Diabetes in Children and the Role of Micronutrients

S. Guida, A. Niedzwiecki

Journal of Cellular Medicine and Natural Health, Mar 2017

 

The steady increase in diabetes among children and young adults is one of the emerging health problems worldwide. This disease, characterized by impaired glucose metabolism and abnormally high blood glucose levels, has serious negative health consequences in young organisms, many of which surface later in life.

In addition, pharmacological treatments primarily developed and tested in adult diabetics carry health risks and are associated with unanticipated side effects when administered to children. All these concerns generate interest in developing micronutrient based approaches as safe and effective alternatives to medical drugs in both prevention and management of diabetes, especially in children.

 

This review outlines the scope of this health problem, highlights current therapeutic approaches to pediatric diabetes, and presents the latest findings on preventive and therapeutic potential of micronutrients and other natural compounds in controlling diabetes in children.

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Micronutrient complexes support glucose metabolism in skeletal muscle cells

M. Chatterjee, V. Ivanov, A. Niedzwiecki, M. Rath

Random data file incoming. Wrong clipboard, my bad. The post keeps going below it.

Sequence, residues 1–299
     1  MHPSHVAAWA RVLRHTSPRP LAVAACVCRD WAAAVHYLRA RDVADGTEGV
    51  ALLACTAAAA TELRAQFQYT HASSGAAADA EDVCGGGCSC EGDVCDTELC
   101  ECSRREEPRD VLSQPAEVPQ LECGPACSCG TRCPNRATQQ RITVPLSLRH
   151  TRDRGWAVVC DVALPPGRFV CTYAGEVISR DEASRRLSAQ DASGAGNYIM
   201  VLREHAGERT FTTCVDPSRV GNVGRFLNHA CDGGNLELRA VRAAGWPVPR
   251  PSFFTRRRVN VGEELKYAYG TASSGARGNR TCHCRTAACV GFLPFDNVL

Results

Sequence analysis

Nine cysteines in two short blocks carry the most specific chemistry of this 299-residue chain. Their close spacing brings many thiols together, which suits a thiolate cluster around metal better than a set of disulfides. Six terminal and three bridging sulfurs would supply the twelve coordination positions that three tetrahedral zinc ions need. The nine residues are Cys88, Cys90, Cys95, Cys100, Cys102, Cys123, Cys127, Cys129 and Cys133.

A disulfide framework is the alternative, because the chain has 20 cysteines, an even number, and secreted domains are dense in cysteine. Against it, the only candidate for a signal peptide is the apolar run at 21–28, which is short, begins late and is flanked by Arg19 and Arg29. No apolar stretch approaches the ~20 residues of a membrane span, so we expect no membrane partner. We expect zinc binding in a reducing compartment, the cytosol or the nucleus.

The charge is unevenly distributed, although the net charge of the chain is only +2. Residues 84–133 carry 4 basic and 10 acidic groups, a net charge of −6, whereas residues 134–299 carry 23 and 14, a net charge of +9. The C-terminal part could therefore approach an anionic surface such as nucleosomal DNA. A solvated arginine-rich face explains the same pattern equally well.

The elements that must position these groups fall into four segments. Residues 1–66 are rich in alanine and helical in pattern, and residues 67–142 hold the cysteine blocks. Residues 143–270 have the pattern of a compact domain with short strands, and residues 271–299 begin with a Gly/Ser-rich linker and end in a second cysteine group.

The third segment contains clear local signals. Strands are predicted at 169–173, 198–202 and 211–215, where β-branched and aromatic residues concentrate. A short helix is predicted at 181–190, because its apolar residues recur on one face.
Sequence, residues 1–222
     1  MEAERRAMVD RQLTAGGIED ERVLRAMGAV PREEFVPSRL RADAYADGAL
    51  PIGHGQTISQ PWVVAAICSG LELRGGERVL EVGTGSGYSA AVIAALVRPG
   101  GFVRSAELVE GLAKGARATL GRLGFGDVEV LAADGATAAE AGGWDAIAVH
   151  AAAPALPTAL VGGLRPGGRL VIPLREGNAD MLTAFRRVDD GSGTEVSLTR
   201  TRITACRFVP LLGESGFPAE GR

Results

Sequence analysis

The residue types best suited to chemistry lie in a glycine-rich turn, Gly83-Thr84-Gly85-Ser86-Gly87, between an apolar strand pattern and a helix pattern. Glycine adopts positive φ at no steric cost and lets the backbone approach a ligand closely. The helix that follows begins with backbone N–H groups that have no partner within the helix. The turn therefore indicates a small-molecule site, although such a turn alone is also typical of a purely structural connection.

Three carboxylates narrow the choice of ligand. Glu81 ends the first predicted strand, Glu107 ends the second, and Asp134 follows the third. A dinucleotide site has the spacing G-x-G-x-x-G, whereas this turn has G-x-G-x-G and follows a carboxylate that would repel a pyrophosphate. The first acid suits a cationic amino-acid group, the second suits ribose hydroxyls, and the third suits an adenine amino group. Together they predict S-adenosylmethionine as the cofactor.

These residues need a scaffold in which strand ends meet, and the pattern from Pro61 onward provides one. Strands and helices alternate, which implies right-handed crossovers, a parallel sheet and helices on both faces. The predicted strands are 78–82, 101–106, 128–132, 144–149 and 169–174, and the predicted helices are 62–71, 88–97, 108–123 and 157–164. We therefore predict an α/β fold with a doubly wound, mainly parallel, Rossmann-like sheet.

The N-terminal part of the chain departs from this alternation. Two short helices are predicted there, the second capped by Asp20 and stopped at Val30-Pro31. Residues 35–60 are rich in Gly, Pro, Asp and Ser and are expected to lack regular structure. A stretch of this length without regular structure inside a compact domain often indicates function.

Journal of Cellular Medicine and Natural Health, May 2019

 

As a key substrate for generating biological energy in all of the body’s cells, glucose is vital for sustaining life. Numerous other metabolic processes and bodily functions also depend on a steady supply of glucose. In all aspects, optimum intracellular transport of glucose is essential for a healthy metabolism and for maintaining healthy blood glucose levels.

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Nutritional Improvement of Metabolic Syndrome Parameters in Immature Fructose Fed Wild Type Mice

J.C. Cha, V. Ivanov, M.W. Roomi, T. Kalinovsky, A. Niedzwiecki, M. Rath
Dr. Rath Research Institute, 1260 Memorex Drive, Santa Clara, CA 95050
Molecular Medicine Reports, 2011, DOI: 10.3892/mmr.2011.562

Abstract:
Incidence of type 2 diabetes mellitus is increasing worldwide with both environmental and genetic factors implicated in its development.   Diabetes is often preceded by metabolic syndrome (MS) and can develop in normal adults ingesting a high fructose diet.  The effect of high fructose intake in development of MS in children and adolescents is less clear. 

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